I was ready to pop him one. I couldn’t stand whiny, precious assholes. We stopped at a gas station and I drove from there. We made Texas by late afternoon. Craig wanted the bed. Lana said she was having cramps and that she needed to lay down on something soft. Craig then told her that they wouldn’t be in this mess if she hadn’t taken the dog. They were arguing again. He wrestled the dog from her and threatened to snap its neck. I couldn’t slow down because a trucker was tailgating me. I finally got over to the right lane. Craig held the pup to the side window and threatened to toss it. I told him to give the pup back to her. Nick didn’t say anything. Craig told me I could go fuck myself. My blood boiled. There was someone like him everywhere I went. We were eight hours from Austin. Lana reached out for her pup but he tossed it. I heard him yelp, and in my side mirror I watched him hit the freeway and tumble and break until he was stiff. My heart sank to my stomach. Lana buried her head into the pillow and sobbed. I pulled onto the shoulder and stopped. In the rearview Craig asked me if I wanted a piece of him. I jumped out of my seat and grabbed the back of his hair and punched him right in the mouth. Blood sprayed into my eye and he went down against the door. I hit him hard across his body. He curled up into a ball and swore at me. Nick did nothing. Lana was still sobbing over her pup. I jumped out of the driver side and walked around to the sliding door. When I opened it, Craig almost fell out but he caught himself. I grabbed his bags and threw them as far as I could into traffic. Then I pulled him out by his belt and the back of his shirt and swung him to the ground. After he hit I got a running start and kicked him in the back. And then, just for myself, I rabbit punched him in the back of the head. He wasn’t swearing anymore. Nick got out and stood by his door, eyeballing me. I walked up on him.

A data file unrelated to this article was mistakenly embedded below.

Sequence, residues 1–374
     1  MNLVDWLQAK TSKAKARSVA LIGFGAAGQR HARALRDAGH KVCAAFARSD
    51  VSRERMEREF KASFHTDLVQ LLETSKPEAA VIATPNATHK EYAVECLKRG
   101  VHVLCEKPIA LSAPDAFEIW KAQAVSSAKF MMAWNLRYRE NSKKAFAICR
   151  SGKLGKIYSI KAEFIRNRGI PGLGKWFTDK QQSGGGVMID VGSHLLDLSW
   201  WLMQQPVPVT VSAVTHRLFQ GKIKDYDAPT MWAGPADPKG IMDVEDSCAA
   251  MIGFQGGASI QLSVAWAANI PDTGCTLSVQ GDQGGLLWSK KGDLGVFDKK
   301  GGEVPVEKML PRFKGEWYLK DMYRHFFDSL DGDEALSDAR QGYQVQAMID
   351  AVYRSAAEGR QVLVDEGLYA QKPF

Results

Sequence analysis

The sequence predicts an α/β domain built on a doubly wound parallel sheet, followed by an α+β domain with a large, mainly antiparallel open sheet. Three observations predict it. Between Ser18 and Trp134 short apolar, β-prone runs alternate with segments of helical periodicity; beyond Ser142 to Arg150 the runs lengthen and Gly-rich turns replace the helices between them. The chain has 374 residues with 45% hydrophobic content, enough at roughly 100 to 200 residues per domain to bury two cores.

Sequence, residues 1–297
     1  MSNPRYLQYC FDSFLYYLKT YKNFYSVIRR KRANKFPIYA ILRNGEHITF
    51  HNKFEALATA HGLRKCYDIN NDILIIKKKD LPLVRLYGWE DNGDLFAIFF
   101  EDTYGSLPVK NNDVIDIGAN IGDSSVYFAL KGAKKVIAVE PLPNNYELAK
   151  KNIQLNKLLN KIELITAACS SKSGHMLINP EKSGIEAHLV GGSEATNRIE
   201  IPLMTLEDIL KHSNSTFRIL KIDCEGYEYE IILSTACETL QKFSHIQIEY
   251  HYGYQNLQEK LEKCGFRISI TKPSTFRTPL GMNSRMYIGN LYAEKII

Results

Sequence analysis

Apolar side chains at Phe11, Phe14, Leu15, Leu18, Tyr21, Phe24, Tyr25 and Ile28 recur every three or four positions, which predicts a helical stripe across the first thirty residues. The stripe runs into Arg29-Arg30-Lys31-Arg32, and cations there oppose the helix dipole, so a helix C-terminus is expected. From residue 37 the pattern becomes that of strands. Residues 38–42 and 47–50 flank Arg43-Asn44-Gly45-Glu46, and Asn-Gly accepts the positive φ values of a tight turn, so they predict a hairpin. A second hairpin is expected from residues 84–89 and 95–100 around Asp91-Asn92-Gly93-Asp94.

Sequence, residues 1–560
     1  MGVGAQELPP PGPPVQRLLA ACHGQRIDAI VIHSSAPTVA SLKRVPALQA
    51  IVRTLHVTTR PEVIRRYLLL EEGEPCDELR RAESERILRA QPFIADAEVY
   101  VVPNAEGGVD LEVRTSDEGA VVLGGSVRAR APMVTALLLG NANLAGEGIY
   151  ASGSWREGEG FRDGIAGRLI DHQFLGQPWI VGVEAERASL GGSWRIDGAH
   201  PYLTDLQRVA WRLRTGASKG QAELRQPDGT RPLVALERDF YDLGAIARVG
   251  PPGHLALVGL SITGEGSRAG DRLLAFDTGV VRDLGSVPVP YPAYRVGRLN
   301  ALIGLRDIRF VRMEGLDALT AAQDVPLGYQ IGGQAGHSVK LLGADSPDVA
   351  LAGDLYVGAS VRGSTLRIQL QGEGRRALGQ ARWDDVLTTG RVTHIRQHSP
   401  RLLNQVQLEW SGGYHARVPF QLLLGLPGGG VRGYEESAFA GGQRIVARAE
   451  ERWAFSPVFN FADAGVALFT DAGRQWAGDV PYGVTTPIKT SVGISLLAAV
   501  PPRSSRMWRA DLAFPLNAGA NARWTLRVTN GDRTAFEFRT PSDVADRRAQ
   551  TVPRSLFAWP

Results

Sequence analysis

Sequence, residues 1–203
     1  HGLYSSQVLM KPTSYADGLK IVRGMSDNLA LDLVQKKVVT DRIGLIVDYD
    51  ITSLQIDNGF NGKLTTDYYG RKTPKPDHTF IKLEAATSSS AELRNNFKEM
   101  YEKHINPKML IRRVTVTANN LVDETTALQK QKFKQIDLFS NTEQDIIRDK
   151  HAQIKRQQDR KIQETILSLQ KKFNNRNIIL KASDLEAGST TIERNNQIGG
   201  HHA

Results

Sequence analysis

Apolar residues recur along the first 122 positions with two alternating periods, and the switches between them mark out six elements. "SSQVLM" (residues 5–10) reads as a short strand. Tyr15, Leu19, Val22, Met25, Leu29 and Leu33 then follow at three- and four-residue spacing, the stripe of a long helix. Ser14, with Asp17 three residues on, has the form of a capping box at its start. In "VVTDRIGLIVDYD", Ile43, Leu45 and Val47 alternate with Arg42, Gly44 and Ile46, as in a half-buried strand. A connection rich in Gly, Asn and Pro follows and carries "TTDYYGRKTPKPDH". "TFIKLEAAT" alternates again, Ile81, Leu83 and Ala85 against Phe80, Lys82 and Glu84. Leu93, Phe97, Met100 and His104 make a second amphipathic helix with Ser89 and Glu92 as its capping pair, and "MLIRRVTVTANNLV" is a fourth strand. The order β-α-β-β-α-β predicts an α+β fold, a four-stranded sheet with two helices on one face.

“You got a problem with this, Nick? Fucking silent partner.”
He put his hands up. I told him I would still get Lana to Austin, and him, unless he wanted to stay with his buddy, that I didn’t care either way. He did what I thought he would. As we pulled away I saw Craig’s body struggling in the rearview, getting smaller and smaller. I wanted to turn around and run him over. Lana dug into her backpack and licked a clean sock and dabbed the blood from my eye. Nick stared at the road.
“I fucking knew this day would come. I always told him he was going to say the wrong thing to the wrong person and he would pay for his mouth. But he always said that everyone was a pussy. Man.”
“If I see him again I’ll kill him,” I said. Nick told me that he knew Craig had warrants in Texas, and that he knew a cop would stop him on the highway and that he would go to jail. He also told me that he hadn’t seen him in a few years before they set out to Alaska. I considered Nick to be smarter than I had thought. He was simply watching Craig get his. He was having a fair time with it. I spoke to Lana’s reflection in the windshield.
“I’m sorry about Bubba. He was a good one. I don’t think he felt any pain.”
Nick shook his head, “Nah. He didn’t feel a thing.”
We both kind of looked at each other. Lana cried. After awhile we were quiet. I kept thinking about the pup, picturing his big head and little face. It was horrible. Something so beautiful and innocent and undamaged, destroyed like that. If the trip had been any longer than it was and if he hadn’t been killed, I would have fallen in love with him.
The scent of happiness
Cookies baking in the oven
Cinnamon and apple pie
Pumpkin and nutmeg
Home cooked meals of any kind
Pine needles and cold skin
All reminiscent of days gone by
When we were small
Holidays filled with excitement
And families were together
And we were ignorant to stress of the world
Nothing but giggles and sunshine
Oh to be that carefree again